Dear Baby Boomers,
During a rowdy holiday time family dinner this year, a generational divide was made visible. A relative my parents' age asked: so I get Facebook, but I don't really get Twitter? Am I missing anything by not being on it and all the other ones?
I understood perfectly what he was asking. Years ago, people like him tried to avoid the Facebook craze and dismiss it as something he didn't have time for, and for a while, he refused to care about whatever it was. But gradually, so many friends, so many people his age and even older joined, that it seemed like the average middle class parent was missing out on an important part of life if he didn't use Facebook. So he fiddled around with it enough to use it and understand what it was. Maybe he joined, maybe he just looked at his wife's profile. Either way, he understood where it stood in his life. It was a good way to catch up with friends and had a purpose if you got around to it and he liked being able to navigate it when his kids got married or had kids because of the pictures and heart-warming comments.
So he wanted to know, were the rest of these digital platforms that he had heard about, but especially Twitter, were they going to infect and affect his life the way Facebook had. In other words, was it inevitable that all his friends and maybe even he himself were going to be Tweeters?
After a moment of heavy reflection, I reassured him, that no, people like him, who just didn't want to have to deal with having another program to learn weren't really missing anything by not being on Twitter. And you're not either.
Facebook has become an integral part of our lives -- it's where we, of all ages, share news and pictures and thoughts from our most important moments. So there's a case to be made that you're missing out on a piece of life if you avoid it. And of course, you use email and if there's some really funny video that all your friends are talking about, someone's bound to email it to you. So between Facebook, email, the phone, and just living, there's not much about your own life that you could learn only from Twitter.
And for the most part, most people don't use Twitter to share about their lives. We don't talk about relationships and life events on Twitter nor do we use it to share information. Of all of my friends who posted their engagement news to Facebook, I don't think a single one of them tweeted the news.
Because of its brevity, (each post must be 140 characters or less), Twitter is most useful as a tool for finding out news or information. If you were to attend a fair or festival or business function and followed a relevant hashtag, you might find out information that could be helpful to you. So if you go to an industry convention that has a hashtag associated with, you might want to consider joining to stay abreast of what's going on while there. The other place it can be helpful of course is in a dangerous situation; if you're at a protest and want to know about road blocks or if you're at a protest in a foreign country and want to find out where they're killing people or in a disaster area and need supplies, Twitter can be invaluable and maybe even save lives. But basically, unless you're involved in a circumstance that involves a crowd of people, it's not going to add anything to your life, that you aren't already getting elsewhere.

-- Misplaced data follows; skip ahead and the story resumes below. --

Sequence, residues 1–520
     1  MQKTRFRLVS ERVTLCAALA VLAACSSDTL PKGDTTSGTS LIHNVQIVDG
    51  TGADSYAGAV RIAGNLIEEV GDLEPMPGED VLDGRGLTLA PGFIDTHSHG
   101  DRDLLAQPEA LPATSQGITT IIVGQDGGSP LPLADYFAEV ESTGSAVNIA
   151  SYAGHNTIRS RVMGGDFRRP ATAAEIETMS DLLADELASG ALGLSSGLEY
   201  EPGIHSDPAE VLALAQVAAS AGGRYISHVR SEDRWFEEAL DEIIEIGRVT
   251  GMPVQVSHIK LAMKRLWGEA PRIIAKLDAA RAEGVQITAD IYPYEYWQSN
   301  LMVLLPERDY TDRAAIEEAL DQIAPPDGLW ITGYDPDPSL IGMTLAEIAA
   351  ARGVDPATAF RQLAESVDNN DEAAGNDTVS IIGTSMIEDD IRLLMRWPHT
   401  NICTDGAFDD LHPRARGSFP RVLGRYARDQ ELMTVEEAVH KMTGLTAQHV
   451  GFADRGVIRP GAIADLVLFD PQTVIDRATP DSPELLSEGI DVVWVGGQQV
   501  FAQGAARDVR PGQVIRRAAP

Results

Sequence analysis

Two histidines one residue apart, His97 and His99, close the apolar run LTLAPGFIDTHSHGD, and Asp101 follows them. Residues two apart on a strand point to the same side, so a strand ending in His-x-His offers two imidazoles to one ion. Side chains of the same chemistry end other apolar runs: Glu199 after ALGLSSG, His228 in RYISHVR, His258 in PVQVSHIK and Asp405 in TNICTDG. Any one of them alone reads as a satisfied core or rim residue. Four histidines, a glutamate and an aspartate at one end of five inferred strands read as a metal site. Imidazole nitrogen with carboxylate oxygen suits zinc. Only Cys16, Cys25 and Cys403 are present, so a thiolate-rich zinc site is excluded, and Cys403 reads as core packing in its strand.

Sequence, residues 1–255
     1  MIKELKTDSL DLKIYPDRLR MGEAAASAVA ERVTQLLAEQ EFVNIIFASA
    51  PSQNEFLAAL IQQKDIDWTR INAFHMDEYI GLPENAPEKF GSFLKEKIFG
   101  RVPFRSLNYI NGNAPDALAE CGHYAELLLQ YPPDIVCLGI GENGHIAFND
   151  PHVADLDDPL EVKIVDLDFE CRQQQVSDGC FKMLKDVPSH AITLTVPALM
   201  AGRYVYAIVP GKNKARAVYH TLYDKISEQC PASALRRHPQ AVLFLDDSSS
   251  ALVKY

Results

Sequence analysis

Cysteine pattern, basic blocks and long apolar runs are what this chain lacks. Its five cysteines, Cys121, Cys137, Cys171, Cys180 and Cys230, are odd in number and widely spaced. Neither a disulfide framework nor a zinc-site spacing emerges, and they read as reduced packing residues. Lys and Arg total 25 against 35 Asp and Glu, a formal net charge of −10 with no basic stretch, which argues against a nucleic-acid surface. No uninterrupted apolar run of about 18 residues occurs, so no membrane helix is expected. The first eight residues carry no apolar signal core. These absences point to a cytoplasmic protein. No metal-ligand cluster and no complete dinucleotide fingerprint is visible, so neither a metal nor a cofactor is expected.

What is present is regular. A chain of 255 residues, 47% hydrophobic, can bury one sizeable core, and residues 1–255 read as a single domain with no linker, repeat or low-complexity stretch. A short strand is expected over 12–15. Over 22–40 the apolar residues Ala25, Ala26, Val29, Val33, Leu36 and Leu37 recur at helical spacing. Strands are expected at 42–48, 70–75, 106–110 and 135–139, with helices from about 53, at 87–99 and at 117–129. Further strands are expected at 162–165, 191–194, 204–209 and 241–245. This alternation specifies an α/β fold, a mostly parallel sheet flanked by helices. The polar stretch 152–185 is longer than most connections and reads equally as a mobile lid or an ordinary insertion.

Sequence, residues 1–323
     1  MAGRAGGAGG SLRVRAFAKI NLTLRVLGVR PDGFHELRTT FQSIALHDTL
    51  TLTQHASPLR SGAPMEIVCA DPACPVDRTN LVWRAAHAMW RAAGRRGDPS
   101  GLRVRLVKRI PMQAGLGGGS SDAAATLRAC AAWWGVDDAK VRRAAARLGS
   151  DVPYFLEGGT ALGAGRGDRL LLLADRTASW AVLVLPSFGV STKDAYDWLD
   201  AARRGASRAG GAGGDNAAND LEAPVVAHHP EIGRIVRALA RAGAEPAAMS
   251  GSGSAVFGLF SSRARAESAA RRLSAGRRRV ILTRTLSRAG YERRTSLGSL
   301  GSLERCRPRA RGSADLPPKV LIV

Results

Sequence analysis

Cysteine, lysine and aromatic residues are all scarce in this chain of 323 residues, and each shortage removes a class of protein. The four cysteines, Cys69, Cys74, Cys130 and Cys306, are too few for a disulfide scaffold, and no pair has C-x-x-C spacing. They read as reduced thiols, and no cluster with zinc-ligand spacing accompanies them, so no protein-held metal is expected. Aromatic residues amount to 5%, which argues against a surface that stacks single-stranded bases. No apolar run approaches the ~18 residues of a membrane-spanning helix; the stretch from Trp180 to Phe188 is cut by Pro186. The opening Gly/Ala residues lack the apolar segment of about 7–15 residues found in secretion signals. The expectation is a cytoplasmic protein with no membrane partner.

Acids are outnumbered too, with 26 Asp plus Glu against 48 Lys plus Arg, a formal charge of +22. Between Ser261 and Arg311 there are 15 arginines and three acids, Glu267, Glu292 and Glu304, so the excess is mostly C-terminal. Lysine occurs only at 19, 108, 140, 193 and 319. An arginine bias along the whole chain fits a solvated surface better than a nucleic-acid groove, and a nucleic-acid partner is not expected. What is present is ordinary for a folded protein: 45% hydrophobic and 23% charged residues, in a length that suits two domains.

But for the most part, without Twitter, your life is going to operate just fine and you won't really be missing anything. You will find out news from the same places you always find out news from -- the newspaper you read or the websites you go to. Because if some really big news breaks on Twitter, all the big news sources are going to cover it. In fact, you may even avoid the pitfall of reading the early tweets about breaking news that often get pertinent details wrong.
And yes, memes happen. And they happen often on Twitter which means if you avoid it, you might not be the first one to know about an internet trend like a new Tumblr making fun of some celebrity or that pictures of toddlers and dogs napping together are all the rage right now. But of course, you use email and if there's some really funny video that all your friends are talking about, someone's bound to email it to you or even search for it yourself. So between email and your cell phone and Facebook, and your news sources, you're probably covered
That's not to say you should stay away from all these sites. Some of them you might enjoy. Pinterest is great if you're interested in anything that depends on visual images and Instagram is fun if you're especially interested in the photos your kids are posting. And Twitter can be very useful and important, especially if you carefully cultivate your list of the people you follow. But for those of you who are sick and tired of hearing about some new social media craze and want to know if you can just avoid it all together, rest assured, you're not missing out. And moreover, you have it on good authority from a Millennial who tweets, that those of us with our heads buried in Twitterland all day long might be the ones missing something.
A Millennnial who Facebooks, Tweets, Pins, Instagrams, Links-In, Blogs, and occasionally looks up